The biotechnology sector is generally considered the most volatile and riskiest sector within all of healthcare. Some companies have created massive wealth in this sector. And some companies have produced the beloved $1 billion in annual sales for a blockbuster category or other highly successful drugs. Still, for every success of that sort, there are dozens of similar companies that sounded quite promising at one time that have died and since gone to the graveyard.
The firm Janney, or Janney Montgomery Scott, covers many of the more speculative and riskiest stocks in the biotech sector. Other firms focus on the emerging biotech field of micro-cap and small-cap names as well. Some of these companies are so speculative that the price targets may imply that the shares could double, triple, or rise even further exponentially if the targets they seek come to fruition.
That said, these companies come with huge risks. Janney’s Yun Zhong has issued coverage on very speculative cognitive plays. These companies could hold the next treatment for the elusive Alzheimer’s Disease, dementia, and other targets if successful. And even making a small contribution to help doctors and patients in the fight against Alzheimer’s and other dementia-related curses could stand to make billions of dollars.
Investors should note that companies and analyst calls of this kind tend to be viewed as all-or-none, or at least a winner-take-all. The companies will either be very successful with potential blockbuster drugs in the years ahead, or they will disappear on the biotech trash heap with nothing but losses to show for their efforts.
Anavex Life Science Corp. (NASDAQ: AVXL) was started as Buy and was assigned a $10 price target at Janney. This was versus a $3.14 prior close, but the market cap here is just $160 million.
Janney noted that its Sigma-1 receptor could become a master regulator in neurological disorders. The lead product candidate ANAVEX 2-73 is in four clinical studies for three indications (Alzheimer’s, Parkinson’s disease dementia, and Rett syndrome) The firm thinks it could represent a differentiated approach in a space that has seen repeated failures in clinical development.
Yun Zhong of Janney noted on Anavex that efficacy data from a Phase IIa study in Alzheimer’s patients is encouraging and that even a modest penetration into the market could generate the $1 billion in blockbuster sales. His report said:
ANAVEX 2-73 modulates muscarinic acetylcholine receptors (mAChRs) in addition to S1R. Activation of both receptors produces synergistic effects and leads to further enhanced neuroprotection. A high concentration demonstrated statistically significant separation in clinical benefit from a low concentration in a Phase IIa study after only five weeks of treatment. The treatment period was extended upon patient request and efficacy was maintained after 148 weeks of treatment… We project ANAVEX 2-73 use only in patients with mild AD and forecast peak U.S. market penetration to be below 10%. We reach U.S. sales of over $1.5 billion in 2032, which we believe should be conservative when compared to historical sales of FDA-approved treatments for AD.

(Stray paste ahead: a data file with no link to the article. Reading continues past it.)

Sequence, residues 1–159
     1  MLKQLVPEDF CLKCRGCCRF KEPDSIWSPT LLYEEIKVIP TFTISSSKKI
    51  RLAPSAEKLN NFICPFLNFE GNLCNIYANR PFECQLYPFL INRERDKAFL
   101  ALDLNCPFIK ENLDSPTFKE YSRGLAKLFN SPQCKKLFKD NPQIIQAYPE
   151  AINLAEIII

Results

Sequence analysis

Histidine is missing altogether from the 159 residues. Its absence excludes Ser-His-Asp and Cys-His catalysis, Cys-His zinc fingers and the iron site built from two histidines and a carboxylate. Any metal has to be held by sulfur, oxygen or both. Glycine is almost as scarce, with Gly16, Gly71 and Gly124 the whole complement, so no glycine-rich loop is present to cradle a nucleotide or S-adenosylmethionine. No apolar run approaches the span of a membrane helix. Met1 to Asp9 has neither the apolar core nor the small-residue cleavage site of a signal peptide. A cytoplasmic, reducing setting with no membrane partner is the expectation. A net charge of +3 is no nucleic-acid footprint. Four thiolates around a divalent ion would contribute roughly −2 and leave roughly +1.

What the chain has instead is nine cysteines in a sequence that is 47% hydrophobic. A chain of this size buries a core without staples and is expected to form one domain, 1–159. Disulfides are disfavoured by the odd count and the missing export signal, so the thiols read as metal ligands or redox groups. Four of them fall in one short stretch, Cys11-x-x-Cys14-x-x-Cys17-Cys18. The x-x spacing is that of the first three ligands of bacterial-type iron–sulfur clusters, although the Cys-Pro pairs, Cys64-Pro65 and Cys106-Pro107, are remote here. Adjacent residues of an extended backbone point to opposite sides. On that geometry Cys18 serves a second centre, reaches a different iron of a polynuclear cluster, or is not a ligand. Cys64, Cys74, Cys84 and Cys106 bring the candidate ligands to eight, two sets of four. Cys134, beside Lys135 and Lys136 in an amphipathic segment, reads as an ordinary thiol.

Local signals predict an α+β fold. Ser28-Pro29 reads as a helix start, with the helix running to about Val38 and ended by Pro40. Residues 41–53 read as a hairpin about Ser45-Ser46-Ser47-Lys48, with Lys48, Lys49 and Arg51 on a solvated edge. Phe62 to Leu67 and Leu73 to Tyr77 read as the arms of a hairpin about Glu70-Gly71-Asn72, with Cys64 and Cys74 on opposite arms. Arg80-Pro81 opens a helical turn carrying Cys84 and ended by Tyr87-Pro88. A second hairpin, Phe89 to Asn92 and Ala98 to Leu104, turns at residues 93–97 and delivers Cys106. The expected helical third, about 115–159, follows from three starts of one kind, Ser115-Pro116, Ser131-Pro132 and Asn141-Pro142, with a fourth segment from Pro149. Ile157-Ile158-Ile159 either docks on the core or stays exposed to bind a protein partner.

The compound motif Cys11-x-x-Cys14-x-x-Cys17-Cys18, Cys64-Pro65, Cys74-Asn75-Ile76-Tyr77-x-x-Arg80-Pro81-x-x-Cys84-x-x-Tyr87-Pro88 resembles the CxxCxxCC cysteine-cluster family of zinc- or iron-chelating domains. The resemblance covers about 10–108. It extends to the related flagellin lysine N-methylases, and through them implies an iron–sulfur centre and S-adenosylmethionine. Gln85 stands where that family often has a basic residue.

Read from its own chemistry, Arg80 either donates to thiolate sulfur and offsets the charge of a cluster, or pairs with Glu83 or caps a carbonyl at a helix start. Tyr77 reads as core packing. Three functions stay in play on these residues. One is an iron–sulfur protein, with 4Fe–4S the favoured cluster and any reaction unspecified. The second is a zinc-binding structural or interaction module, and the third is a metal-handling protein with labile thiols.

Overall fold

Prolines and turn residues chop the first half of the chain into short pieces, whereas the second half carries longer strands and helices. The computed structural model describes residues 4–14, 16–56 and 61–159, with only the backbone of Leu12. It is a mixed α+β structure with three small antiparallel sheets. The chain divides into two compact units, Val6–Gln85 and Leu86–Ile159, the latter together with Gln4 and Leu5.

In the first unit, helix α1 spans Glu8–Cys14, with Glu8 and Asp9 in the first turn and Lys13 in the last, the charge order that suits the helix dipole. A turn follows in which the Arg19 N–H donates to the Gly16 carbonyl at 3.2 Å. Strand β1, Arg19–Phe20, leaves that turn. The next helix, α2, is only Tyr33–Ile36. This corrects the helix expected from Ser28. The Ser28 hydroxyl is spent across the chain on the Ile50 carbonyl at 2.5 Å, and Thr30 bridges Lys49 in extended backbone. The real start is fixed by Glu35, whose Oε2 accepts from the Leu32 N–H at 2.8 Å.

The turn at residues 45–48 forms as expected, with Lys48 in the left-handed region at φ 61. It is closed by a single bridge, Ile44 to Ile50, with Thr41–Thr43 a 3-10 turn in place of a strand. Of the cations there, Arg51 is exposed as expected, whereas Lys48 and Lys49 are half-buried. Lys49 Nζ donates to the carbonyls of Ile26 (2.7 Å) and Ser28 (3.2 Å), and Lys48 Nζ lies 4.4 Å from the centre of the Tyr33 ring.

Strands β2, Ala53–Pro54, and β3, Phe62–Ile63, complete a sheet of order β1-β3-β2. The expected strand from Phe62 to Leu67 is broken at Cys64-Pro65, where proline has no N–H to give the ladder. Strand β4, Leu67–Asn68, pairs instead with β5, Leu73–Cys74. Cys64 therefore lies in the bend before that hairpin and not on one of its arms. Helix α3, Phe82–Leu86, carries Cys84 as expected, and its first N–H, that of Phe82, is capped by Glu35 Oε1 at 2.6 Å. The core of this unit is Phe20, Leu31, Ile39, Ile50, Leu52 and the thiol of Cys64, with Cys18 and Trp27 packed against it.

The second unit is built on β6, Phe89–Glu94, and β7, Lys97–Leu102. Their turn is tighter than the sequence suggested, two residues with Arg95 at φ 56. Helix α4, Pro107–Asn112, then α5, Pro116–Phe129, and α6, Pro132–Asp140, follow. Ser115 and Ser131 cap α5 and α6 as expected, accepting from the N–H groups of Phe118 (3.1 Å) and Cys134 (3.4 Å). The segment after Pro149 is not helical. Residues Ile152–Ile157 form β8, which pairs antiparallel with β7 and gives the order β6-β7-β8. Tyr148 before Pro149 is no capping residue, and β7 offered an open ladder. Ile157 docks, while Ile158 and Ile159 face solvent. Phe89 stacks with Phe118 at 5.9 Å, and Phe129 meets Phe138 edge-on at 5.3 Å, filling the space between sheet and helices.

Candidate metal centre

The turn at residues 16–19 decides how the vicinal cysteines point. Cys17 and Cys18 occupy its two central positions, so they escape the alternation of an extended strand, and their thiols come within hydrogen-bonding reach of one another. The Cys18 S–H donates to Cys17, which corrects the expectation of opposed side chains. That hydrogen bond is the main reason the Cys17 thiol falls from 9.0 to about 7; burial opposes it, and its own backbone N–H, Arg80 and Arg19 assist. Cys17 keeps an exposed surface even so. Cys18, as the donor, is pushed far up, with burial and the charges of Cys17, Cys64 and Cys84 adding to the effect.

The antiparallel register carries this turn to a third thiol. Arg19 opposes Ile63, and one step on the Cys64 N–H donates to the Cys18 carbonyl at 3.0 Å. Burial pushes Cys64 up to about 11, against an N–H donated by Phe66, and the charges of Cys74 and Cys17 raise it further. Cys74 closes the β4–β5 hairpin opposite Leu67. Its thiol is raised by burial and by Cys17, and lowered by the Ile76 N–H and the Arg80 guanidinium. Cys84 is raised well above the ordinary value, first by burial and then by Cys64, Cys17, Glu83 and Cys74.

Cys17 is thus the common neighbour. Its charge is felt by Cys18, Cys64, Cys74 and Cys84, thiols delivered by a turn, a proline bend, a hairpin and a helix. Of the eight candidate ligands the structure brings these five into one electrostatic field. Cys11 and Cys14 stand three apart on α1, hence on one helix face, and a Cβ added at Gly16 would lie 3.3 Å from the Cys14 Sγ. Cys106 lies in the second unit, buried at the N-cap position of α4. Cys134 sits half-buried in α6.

Anavex comes with a relatively high short interest as well, implying that investors are betting that the company will not produce positive outcomes. Anavex had a short interest of almost 4.2 million shares on last look.
Neurotrope, Inc. (NASDAQ: NTRP) was started as Buy with a $14 price target (versus $6.36 prior close) at Janney. The firm noted that its Bryostatin could hold promise in Alzheimers Disease and noted that Neurotrope’s bryostatin-1 is currently the only candidate in clinical development for patients with moderate to severe AD.
Data from two Phase II studies and an expanded access program are said to suggest encouraging efficacy, including a statistically significant improvement in cognition in a subgroup of patients who are not taking concomitant memantine treatment. Phase II complementary data is expected to be reported in the second half of 2019 and should lead to strong stock movement if the data is positive.
Janney’s Yun Zhong also noted here that even a modest penetration in the Alzheimer’s Disease market can produce a blockbuster ($1 billion in annual sales). He said:
In a 147-patients Phase II dose finding study, statistical improvement in cognition was achieved in patients who completed the entire study (p=0.029) and the largest improvement was detected in a subgroup of patients who were not receiving concomitant memantine treatment (p=0.012). The interaction between PKC and the NMDA receptor (memantine is a NMDA receptor antagonist) may have been the reason and the ongoing confirmatory study is enrolling patients who are not taking memantine so should have an enhanced likelihood of success… We project bryostatin use only in patients with moderate to severe AD but are not taking memantine,
following the patient population enrolled in the confirmatory Phase II study. We apply a 20% probability of success to the program and forecast peak U.S. market penetration to be below 10%. We reach U.S. sales of over $1.2B in 2032, which we believe should be conservative when compared to historical sales of FDA-approved therapeutics for AD.
Shares of Neurotrope were last seen up over 4% at $6.66, but investors should make note that the market cap is just $86 million. The shares also have a 52-week range of $3.33 to $11.93 to prove how volatile and speculative the company is.
Again, these are all-or-none calls. It should also be considered that even the biggest and best of pharmaceutical and biotech companies have so far failed to even break the surface in really offering a serious treatment for Alzheimer’s Disease and dementia-related disease that plague society. In short, these companies face a very uphill battle and their predecessors have so far failed to even reach a truce (let alone win).